I'm appalled by what David Stern did yesterday.
Nullifying the Hornets' trade of Chris Paul to the Lakers is, in my mind, the lowest moment for the league in its modern, post-merger history. Worse than the Malice at the Palace. Worse than Donaghy. So much worse than The Decision. And very much worse than either lockout.
Was I happy about the Lakers' acquiring the best point guard in the game? Not at all. It was a bit dispiriting, actually. But not to the point that I wanted to see it nullified! I hated the Decision, too, and yet watching the Heat fail was one of the most exciting, wonderful feelings many NBA fans could have (in the absence of their own team winning).
The Lakers would have been spectacular, but there is no guarantee they would have just waltzed to a title (or traded Andrew Bynum for Dwight Howard). It would have been interesting to see if their thin frontcourt could have handled the rigors of the playoffs. It would have been interesting to see if CP3's knee could hold up. It would have been interesting to see if Paul and Kobe could co-exist. (And, frankly, it was a pretty good deal for New Orleans -- as good as they'd get.)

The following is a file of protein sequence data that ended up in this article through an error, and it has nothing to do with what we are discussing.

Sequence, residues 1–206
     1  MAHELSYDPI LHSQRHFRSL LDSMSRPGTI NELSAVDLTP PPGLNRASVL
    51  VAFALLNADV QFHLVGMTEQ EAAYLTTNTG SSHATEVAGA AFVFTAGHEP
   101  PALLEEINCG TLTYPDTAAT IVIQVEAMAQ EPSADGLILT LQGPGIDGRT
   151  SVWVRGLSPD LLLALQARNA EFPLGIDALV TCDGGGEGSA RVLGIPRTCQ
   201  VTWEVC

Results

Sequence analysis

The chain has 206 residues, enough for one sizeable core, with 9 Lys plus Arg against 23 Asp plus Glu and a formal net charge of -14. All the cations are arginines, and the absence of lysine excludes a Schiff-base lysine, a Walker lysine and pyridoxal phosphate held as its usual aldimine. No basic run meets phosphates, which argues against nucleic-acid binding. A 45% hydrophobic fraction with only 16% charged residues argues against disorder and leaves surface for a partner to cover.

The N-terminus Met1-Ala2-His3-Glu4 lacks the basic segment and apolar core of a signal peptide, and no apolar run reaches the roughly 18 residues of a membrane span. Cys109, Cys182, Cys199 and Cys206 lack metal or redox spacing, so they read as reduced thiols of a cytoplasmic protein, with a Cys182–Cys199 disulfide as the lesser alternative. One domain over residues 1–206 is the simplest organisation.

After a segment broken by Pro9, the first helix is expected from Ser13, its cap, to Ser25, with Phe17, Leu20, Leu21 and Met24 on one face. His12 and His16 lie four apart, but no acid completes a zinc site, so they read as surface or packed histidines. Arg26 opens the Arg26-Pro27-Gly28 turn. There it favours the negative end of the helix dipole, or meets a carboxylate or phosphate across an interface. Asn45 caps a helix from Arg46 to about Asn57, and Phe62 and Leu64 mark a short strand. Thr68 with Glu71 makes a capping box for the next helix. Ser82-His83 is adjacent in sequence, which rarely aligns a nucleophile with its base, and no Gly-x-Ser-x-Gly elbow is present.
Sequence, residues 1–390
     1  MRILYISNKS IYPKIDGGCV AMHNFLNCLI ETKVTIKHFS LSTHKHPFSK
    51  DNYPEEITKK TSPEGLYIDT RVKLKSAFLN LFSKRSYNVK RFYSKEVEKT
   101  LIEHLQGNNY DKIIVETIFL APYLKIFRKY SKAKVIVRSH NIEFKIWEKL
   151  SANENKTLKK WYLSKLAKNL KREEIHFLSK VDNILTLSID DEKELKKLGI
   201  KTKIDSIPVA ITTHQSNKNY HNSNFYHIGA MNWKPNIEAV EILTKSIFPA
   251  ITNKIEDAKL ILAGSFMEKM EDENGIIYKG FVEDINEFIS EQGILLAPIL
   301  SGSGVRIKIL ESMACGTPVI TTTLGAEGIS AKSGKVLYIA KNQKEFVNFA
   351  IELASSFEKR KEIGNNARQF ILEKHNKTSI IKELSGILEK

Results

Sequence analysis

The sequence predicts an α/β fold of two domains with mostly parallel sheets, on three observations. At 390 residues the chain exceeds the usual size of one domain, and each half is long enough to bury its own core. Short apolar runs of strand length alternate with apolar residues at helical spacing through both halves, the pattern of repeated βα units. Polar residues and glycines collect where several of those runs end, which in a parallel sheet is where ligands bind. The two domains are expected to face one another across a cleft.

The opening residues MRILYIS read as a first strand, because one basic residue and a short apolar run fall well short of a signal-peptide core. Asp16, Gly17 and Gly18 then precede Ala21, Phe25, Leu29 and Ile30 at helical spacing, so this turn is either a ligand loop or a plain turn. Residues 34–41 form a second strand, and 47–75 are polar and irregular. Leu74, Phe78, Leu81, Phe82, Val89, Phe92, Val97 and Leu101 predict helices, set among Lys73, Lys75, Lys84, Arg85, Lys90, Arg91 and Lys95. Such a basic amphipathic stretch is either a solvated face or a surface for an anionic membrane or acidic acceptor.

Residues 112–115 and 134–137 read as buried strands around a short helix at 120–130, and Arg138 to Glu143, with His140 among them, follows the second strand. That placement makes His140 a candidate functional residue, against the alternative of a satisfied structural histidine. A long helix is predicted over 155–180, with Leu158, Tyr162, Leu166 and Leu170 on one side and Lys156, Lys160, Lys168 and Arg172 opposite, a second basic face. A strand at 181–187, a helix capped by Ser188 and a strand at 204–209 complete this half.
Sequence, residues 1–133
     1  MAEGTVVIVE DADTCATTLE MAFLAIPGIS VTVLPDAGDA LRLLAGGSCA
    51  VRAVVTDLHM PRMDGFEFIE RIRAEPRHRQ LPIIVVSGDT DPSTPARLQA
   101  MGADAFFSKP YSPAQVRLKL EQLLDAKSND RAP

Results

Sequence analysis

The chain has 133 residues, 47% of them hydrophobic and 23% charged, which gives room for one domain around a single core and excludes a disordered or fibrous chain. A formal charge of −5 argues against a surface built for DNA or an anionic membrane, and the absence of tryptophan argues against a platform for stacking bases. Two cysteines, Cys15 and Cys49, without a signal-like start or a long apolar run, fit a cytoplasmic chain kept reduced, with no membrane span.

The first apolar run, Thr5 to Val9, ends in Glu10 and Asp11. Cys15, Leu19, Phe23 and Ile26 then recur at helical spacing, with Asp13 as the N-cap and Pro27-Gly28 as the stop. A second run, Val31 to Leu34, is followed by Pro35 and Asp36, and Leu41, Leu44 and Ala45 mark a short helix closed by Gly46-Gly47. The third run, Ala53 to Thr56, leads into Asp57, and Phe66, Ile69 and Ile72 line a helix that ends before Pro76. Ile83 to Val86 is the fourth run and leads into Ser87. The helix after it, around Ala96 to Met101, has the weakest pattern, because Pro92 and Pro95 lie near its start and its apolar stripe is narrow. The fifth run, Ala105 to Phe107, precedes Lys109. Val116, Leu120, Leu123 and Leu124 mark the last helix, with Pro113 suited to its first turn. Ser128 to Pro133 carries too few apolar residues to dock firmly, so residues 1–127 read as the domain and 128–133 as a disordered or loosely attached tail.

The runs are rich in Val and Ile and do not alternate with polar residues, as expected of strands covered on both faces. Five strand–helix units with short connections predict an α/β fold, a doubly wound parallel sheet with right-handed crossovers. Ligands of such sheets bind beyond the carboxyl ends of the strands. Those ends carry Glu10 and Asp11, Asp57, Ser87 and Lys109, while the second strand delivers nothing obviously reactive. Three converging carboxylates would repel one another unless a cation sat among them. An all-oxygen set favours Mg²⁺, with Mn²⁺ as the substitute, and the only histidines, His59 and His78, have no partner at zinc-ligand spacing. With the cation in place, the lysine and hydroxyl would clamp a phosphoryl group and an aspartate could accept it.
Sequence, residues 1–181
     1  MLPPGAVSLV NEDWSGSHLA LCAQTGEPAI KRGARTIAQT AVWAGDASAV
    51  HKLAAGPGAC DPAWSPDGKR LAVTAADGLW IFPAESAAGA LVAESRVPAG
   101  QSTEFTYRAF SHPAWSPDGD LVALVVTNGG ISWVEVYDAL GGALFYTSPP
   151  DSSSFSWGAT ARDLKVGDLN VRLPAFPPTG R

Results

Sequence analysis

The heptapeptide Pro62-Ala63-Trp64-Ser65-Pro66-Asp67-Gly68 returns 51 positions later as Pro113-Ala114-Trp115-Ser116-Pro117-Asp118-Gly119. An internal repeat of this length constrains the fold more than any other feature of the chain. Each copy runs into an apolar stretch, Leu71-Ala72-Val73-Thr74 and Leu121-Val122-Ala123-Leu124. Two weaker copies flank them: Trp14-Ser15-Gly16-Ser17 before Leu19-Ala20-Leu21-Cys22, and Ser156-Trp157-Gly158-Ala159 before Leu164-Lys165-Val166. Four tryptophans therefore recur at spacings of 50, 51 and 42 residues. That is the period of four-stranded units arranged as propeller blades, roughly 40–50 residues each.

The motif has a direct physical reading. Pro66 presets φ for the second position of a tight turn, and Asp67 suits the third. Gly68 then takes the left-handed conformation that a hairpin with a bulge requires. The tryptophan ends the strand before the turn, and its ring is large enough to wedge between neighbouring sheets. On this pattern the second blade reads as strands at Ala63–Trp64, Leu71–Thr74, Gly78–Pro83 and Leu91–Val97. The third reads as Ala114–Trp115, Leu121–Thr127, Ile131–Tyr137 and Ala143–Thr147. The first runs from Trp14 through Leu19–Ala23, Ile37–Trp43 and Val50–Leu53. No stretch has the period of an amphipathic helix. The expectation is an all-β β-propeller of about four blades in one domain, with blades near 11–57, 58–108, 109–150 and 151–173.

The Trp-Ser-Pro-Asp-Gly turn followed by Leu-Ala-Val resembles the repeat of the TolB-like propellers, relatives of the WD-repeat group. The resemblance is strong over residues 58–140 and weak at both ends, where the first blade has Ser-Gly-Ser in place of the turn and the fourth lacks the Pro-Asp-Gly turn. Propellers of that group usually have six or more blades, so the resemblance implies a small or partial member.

The point is that it is an overreach of massive proportions that David Stern cancelled the trade. However fans felt about the trade, Stern's move pierced the suspension of disbelief (or, put another way, the belief) that is core to fans' relationship with the sport.
This is way, way worse than the lockout. I don't think Stern appreciated the magnitude of the blowback he's going to face today. (And if he does appreciate it, what does THAT say?) Worst of all, we don't know where things go from here. It's like the league has been tazed by its own commissioner.